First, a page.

• Up to 1/3 of physicians fail to report impaired colleague

  • Failure to police the profession

    • ?secret patients, undercover providers?


Improving job safety and quality of care3

Improving Job Safety and Quality of Care

  • Reverse trend toward downsizing RNs in favor of less well-trained (but less expensive) LPNs and CMAs

  • Adherence to OSHA and EPA guidelines regarding workplace safety

  • Improved Waste Reduction/Management


Alternatives to drug testing

Alternatives to Drug Testing

  • Promote reference checking of new staff members to appraise previous job performance

  • Train supervisors to identify, confront, and refer impaired physicians to drug treatment programs


Alternatives to drug testing1

Alternatives to Drug Testing

  • However,

    • Only 2/3 of physicians agree with professional commitment to report impaired/incompetent physicians

    • Only 2/3 of physicians with knowledge of impaired colleague reported him/her

      • Most common reasons for non-reporting were “belief someone else taking care of problem,” “belief nothing would come of report,” and “fear of retribution”


Alternatives to drug testing2

Alternatives to Drug Testing

  • Pay increased attention to physician job- and life-satisfaction [e.g., early identification and treatment of depressive disorders and marital discord]

  • Improve coverage of mental health and substance abuse treatment for medical students and residents (78% of U.S. medical schools require co-pay, most private insurance programs have annual limits)

  • Employee Assistance Programs


Alternatives to drug testing3

Alternatives to Drug Testing

  • Support knowledge testing [e.g., mandatory re-certification], periodic hospital recredentialling, and skills appraisal by colleagues and supervisors

  • Establish intermittent impairment testing program

    • periodic evaluation of vision, reflexes and coordination

    • can also uncover important physical disabilities [incl. dementia], mental illness, and sleep deprivation

      • Estimated 8,000 doctors with full-blown dementia practicing

    • may lead to treatment and/or work-modification


Alternatives to drug testing4

Alternatives to Drug Testing

  • If impairment testing suggests drug abuse, formal drug testing, treatment, and follow-up drug testing are not only reasonable, but also likely to benefit affected physicians and their patients

  • 47 states and DC have active Physician Health Programs to help with substance abuse (and mental illness)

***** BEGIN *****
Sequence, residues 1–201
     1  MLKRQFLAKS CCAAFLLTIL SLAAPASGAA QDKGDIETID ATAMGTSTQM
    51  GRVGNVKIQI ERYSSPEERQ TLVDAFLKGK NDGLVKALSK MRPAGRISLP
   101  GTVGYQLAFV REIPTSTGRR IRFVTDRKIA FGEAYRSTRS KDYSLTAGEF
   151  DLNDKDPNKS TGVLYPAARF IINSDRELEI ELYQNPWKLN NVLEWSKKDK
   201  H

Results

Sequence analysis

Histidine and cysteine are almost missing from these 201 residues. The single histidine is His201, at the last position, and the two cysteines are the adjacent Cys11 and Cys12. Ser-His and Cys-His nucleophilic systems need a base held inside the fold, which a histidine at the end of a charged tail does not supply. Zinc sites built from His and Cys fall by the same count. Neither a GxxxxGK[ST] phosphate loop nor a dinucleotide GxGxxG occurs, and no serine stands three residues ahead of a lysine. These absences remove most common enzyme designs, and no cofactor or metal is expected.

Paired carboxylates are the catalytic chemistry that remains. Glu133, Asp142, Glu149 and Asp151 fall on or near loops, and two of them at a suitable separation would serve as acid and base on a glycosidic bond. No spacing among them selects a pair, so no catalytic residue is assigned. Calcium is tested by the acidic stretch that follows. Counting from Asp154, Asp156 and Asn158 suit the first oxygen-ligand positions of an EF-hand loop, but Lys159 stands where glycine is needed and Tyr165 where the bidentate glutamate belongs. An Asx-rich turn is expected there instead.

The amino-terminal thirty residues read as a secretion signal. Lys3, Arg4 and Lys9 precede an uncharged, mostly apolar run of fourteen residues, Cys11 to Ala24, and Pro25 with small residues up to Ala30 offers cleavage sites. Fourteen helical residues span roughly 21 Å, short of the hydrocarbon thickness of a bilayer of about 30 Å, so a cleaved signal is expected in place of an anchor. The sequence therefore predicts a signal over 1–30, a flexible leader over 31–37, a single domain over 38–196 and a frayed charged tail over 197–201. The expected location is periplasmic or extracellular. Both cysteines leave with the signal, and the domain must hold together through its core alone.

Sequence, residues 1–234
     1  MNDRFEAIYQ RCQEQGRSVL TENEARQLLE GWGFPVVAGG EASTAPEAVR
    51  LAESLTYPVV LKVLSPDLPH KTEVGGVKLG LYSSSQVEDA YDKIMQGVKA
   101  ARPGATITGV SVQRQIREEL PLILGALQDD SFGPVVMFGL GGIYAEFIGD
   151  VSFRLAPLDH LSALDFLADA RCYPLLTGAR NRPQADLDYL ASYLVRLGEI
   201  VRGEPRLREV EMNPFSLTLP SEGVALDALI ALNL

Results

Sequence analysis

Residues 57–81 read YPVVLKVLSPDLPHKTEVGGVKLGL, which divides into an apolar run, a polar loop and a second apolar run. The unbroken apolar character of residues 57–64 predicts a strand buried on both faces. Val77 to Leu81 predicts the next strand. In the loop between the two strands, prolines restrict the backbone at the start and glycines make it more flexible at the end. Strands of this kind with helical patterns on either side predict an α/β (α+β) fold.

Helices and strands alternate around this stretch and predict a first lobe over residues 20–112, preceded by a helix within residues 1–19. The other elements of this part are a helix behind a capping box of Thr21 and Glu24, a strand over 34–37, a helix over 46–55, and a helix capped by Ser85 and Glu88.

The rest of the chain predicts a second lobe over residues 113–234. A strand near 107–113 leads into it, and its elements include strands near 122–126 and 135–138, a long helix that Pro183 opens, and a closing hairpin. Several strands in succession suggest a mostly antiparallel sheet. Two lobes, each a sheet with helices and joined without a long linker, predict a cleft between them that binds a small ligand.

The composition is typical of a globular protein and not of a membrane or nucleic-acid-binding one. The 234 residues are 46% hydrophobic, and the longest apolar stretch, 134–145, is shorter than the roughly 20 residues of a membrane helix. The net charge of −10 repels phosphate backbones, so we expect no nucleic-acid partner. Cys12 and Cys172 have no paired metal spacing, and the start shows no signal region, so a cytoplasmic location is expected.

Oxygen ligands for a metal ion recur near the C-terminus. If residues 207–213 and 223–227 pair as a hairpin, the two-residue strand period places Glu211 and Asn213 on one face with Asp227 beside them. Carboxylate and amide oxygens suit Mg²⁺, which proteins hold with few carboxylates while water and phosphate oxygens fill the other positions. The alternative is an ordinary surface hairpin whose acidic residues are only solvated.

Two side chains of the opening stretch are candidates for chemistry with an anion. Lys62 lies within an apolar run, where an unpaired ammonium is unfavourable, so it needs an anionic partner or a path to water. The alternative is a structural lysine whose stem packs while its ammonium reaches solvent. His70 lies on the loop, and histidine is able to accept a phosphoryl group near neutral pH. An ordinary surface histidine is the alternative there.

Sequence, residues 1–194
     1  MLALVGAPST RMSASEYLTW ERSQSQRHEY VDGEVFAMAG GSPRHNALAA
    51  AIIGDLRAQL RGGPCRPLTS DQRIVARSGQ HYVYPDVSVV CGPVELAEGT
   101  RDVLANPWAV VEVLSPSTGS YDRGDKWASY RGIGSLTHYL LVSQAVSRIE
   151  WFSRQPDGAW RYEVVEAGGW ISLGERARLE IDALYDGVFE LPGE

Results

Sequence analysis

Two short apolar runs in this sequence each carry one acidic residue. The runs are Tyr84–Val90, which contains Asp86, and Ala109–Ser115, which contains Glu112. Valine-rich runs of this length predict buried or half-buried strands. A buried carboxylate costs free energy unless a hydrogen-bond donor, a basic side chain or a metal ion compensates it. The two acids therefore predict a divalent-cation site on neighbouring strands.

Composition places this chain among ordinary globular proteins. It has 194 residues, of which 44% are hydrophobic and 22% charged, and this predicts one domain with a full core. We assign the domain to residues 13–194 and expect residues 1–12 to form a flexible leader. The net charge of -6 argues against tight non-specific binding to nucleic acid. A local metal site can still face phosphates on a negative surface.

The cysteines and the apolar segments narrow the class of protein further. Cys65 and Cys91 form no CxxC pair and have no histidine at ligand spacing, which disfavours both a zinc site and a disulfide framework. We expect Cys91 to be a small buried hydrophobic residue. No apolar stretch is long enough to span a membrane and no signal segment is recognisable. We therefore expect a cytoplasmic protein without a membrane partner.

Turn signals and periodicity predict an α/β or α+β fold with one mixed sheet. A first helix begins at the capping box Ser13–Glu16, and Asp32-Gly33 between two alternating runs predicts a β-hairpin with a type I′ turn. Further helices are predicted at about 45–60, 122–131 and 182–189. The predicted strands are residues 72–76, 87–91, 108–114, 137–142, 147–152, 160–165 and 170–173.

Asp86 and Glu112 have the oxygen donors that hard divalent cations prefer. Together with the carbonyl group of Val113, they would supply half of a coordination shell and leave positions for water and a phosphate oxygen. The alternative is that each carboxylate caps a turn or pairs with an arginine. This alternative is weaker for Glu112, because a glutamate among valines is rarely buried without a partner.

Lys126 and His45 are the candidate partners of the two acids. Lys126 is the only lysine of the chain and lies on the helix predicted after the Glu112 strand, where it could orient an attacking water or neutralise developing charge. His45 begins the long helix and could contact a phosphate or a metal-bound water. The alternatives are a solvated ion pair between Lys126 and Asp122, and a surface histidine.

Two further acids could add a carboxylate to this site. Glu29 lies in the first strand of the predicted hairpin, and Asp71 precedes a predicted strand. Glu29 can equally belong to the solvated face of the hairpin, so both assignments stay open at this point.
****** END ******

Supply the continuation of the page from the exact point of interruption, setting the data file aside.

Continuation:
The war on drugs

The “War on Drugs”

  • Racist beginnings (“Chinese Opium Act” , Hemp/Marijuana)

  • Newspaper publisher William Randolph Hearst demonized cannabis plant

    • Hearst heavily invested in wood pulp newsprint, wanted to shut down hemp paper competition


The war on drugs1

The “War on Drugs”

  • 1936: Church group produces film, “Reefer Madness”

  • 1937: Federal government criminalizes production and sale of marijuana/hemp

  • Today:

    • Marijuana is America’s largest cash crop

    • Federal prisons overloaded with casual users


The war on drugs2

The “War on Drugs”

  • Interdiction

    • e.g., $1.3 billion Columbia aid package (incl. use of biological weapons)

    • 7 U.S. military bases in Colombia

    • Mexican drug war violence out of control, fueling anti-immigrant sentiment in U.S.


The war on drugs3

The “War on Drugs”

  • Punishment

    - inequitable laws (crack vs powder cocaine)

    - Fair Sentencing Act of 2010 adjusts penalties somewhat

  • Treatment


Decreasing drug use abuse

Decreasing Drug Use/Abuse

  • Education/Social Marketing

  • Prevention

    - vaccinations

  • Treatment (dollar for dollar, much more effective than interdiction and/or punishment)

    - needle exchange programs (MDs can prescribe clean needles to addicts in 48 states; pharmacists can dispense in 26 states)

    - chronic illness marked by relapse/non-compliance


Decreasing drug use abuse1

Decreasing Drug Use/Abuse

  • Foreign Aid - social/agricultural vs. military

  • Interdiction

  • Focus also on legal drugs

    - alcohol: >125,000 deaths/year

    - tobacco: (hypocrisy of export business)

    - 450,000 deaths directly, 50,000 deaths

    indirectly per year

  • Promote Sound Science/Cost-Effective Policies and Interventions


Citation

Citation

Donohoe MT. Urine trouble: practical, legal, and ethical issues surrounding mandated drug testing of physicians. J Clin Ethics, 2005;16(1):69-81.


Contact information

Contact Information

Public Health and Social Justice Website

http://www.publichealthandsocialjustice.org

http://www.phsj.org

[email protected]